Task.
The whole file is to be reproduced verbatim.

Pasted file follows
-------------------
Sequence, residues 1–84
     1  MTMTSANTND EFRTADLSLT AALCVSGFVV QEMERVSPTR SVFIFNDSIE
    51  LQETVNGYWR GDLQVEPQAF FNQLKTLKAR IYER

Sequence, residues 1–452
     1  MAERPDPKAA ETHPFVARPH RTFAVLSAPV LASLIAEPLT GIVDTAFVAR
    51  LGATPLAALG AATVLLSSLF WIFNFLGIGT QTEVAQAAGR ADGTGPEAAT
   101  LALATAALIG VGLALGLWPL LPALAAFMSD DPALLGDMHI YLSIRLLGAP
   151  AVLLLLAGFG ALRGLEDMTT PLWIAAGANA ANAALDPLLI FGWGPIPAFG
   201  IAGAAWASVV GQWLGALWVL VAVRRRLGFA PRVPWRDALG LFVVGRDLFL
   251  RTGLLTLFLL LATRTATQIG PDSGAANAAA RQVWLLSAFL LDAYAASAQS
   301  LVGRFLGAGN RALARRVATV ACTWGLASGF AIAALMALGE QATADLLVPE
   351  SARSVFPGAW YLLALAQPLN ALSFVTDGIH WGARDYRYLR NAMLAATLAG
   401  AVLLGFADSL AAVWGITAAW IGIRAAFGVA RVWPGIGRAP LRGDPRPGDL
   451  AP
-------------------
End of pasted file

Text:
Sequence, residues 1–84
     1  MTMTSANTND EFRTADLSLT AALCVSGFVV QEMERVSPTR SVFIFNDSIE
    51  LQETVNGYWR GDLQVEPQAF FNQLKTLKAR IYER

Sequence, residues 1–452
     1  MAERPDPKAA ETHPFVARPH RTFAVLSAPV LASLIAEPLT GIVDTAFVAR
    51  LGATPLAALG AATVLLSSLF WIFNFLGIGT QTEVAQAAGR ADGTGPEAAT
   101  LALATAALIG VGLALGLWPL LPALAAFMSD DPALLGDMHI YLSIRLLGAP
   151  AVLLLLAGFG ALRGLEDMTT PLWIAAGANA ANAALDPLLI FGWGPIPAFG
   201  IAGAAWASVV GQWLGALWVL VAVRRRLGFA PRVPWRDALG LFVVGRDLFL
   251  RTGLLTLFLL LATRTATQIG PDSGAANAAA RQVWLLSAFL LDAYAASAQS
   301  LVGRFLGAGN RALARRVATV ACTWGLASGF AIAALMALGE QATADLLVPE
   351  SARSVFPGAW YLLALAQPLN ALSFVTDGIH WGARDYRYLR NAMLAATLAG
   401  AVLLGFADSL AAVWGITAAW IGIRAAFGVA RVWPGIGRAP LRGDPRPGDL
   451  AP